The Greek Military Dictatorship: Revisiting a Troubled Past, 1967-1974

Book cover

The Greek Military Dictatorship: Revisiting a Troubled Past, 1967-1974

Wednesday, 17 November 2021 - 5:00pm
Seminar Room/Zoom
Othon Anastasakis (St Antony’s College, Oxford)
Foteini Dimirouli (Keble College, Oxford)
Kostis Kornetis (Universidad Autonoma de Madrid)
Katerina Lagos (California State University, Sacramento)

The SEESOX event takes place, on the anniversary of the 17th of November 1973 Polytechnic uprising, a big blow to the junta’s dictatorial authority contributing to its discrediting and downfall in July 1974. The panel will reflect on the military regime’s reactionary, ultra-conservative, repressive and pseudo-modernising attitudes and policies towards education, youth and culture, as well as on the long lasting legacies of this disturbing past. Some of these views draw from the recently published volume The Greek Military Dictatorship: Revisiting a troubled Past, 1967-1974 (Berghahn 2021) edited by Anastasakis and Lagos, which contains a novel and well-researched study of the regime’s domestic and foreign affairs, a haunting period in Greece’ s recent history.


Othon Anastasakis is the Director of South East European Studies at Oxford (SEESOX); Senior Research Fellow at St Antony’s College; Associate at the Department of Politics and International Relations; Affiliate of the Centre for International Studies; Affiliate of the Oxford School of Global and Area Studies (OSGA); former Director of the European Studies Centre, St Antony's College, Oxford (July 2012-October 2015). He teaches “South East European politics and European integration” for the OSGA and “EU politics” for the Department of Continuing Education, Oxford. He is currently the Principal Investigator of two research projects: “Greek Diaspora Project at SEESOX”; and the OX/BER funded “Migration Diplomacy and Turkey-EU relations”. He is also an Adjunct Professor at Simon Fraser University in Vancouver, Canada; Region Head of Europe in Oxford Analytica. He received his BA in Economics from the University of Athens, his MA in Comparative Politics and International Relations from Columbia University, New York and his PhD in Comparative Government from the London School of Economics. He holds additional degrees in French literature and politics from Paris IV and in Spanish literature, history and history of art from the Universidad Internacional Menendez Pelayo.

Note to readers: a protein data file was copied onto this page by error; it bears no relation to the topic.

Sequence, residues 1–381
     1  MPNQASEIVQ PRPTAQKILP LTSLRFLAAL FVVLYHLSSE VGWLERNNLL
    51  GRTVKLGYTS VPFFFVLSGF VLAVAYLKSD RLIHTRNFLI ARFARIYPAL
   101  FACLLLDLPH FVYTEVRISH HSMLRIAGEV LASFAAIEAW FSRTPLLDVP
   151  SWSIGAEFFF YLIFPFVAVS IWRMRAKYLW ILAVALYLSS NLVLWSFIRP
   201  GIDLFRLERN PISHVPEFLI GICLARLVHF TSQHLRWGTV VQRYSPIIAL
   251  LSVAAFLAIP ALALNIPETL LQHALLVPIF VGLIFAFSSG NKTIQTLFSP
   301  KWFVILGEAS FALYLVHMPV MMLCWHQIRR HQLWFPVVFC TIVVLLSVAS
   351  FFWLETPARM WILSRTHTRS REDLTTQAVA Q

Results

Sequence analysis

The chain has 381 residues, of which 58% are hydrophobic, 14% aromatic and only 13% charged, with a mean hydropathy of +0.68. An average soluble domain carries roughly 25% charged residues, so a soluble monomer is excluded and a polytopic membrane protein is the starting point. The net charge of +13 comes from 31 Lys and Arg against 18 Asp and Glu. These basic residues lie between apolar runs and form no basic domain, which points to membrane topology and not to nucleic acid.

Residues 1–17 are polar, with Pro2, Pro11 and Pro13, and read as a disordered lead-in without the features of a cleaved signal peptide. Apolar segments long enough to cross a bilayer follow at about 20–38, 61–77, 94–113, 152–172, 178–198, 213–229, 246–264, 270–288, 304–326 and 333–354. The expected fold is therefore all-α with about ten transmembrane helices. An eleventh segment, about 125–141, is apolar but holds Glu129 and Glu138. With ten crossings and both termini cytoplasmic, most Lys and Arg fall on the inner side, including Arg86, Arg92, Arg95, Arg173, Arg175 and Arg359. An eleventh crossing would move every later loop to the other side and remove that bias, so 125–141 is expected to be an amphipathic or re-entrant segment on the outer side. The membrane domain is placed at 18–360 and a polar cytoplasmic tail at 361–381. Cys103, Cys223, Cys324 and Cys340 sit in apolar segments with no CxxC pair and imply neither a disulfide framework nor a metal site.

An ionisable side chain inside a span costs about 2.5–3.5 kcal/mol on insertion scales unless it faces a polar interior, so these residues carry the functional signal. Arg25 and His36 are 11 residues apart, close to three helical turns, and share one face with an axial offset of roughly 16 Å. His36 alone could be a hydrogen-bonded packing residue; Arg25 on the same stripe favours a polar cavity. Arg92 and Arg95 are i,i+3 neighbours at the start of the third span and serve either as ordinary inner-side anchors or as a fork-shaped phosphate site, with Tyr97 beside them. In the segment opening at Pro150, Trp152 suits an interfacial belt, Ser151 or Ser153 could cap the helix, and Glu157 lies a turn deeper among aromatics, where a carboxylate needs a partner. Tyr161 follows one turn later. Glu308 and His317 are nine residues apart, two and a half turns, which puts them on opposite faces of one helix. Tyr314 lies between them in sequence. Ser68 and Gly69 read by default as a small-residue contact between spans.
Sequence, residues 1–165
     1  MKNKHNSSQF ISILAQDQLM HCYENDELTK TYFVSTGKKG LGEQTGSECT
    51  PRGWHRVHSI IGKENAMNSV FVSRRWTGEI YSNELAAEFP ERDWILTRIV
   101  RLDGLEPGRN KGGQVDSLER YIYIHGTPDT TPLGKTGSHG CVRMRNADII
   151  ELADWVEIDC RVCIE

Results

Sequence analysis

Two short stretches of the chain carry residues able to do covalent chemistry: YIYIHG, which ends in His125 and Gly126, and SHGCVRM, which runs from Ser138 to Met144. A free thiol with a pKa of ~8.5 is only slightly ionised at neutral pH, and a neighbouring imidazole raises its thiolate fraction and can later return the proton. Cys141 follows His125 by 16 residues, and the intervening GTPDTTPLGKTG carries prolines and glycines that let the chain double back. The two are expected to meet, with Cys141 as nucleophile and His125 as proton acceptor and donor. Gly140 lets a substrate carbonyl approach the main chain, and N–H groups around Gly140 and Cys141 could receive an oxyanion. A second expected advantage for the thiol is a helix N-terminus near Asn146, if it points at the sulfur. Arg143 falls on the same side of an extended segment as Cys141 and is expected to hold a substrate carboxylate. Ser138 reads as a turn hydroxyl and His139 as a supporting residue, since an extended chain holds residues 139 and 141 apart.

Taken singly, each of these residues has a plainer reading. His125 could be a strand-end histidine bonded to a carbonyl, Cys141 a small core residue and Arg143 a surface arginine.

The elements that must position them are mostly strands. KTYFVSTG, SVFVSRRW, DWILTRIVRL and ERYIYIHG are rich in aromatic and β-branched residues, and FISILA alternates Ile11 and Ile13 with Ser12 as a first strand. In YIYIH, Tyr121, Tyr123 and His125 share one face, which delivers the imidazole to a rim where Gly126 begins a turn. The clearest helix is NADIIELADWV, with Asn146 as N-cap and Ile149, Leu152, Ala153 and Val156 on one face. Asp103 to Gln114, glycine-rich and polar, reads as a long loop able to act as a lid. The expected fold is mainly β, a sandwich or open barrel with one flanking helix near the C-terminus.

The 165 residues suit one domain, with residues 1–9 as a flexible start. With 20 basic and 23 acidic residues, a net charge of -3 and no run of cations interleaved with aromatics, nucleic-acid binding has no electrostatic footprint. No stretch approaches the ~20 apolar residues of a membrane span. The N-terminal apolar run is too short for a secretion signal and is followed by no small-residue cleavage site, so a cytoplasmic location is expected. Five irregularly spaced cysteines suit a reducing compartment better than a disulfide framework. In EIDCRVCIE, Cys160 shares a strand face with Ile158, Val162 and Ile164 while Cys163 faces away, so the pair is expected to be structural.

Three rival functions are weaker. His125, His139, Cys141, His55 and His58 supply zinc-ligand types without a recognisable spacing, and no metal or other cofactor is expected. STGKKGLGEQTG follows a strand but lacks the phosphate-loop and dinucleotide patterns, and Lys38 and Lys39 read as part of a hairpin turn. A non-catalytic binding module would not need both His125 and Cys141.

Foteini Dimirouli is Outreach and Early Career Development Fellow in English at Keble College, Oxford. She works on English and Modern Greek literature, often in comparison. Her forthcoming monograph (Authorising the Other, OUP) is concerned with the constitution of authorial fame and recognition. Her recent work focuses on culture and authoritarianism, with special attention paid to the appropriation of literature for both propagandistic and dissenting purposes.

Kostis Kornetis teaches contemporary history at the Autonomous University of Madrid (UAM). He has taught at Brown, New York University, and the University of Sheffield, and was CONEX-Marie Curie Experienced Fellow at Carlos III, Madrid, and Santander Fellow in Iberian Studies at St Antony’s College, Oxford. He is the author of Children of the Dictatorship. Student Resistance, Cultural Politics and the ‘long 1960s’ in Greece (Berghahn Books, 2013) and co-editor of Consumption and Gender in Southern Europe since the “Long 1960s” (Bloomsbury, 2016) and Rethinking Democratisation in Spain, Greece and Portugal (Palgrave Macmillan, 2019). He is currently writing a book on the generational memory of the transitions to democracy in Southern Europe (OUP, forthcoming 2022).

Katerina Lagos is a Professor of History at California State University, Sacramento and the Director of the CSUS Hellenic Studies Program and Hellenic Studies Center. She is Adjunct Professor at Simon Fraser University in Vancouver, Canada, the social sciences book review editor for the Journal of Modern Greek Studies, and also a member of various academic and professional organizations. She received her DPhil from St. Antony's College, Oxford in modern history. Her research focuses on the Metaxas dictatorship, minorities, and the interwar period. She has published a number of articles and book chapters on these topics and is currently working on a book manuscript on the Metaxas dictatorship and Greek Jewry, 1936-41 (forthcoming, Palgrave).  

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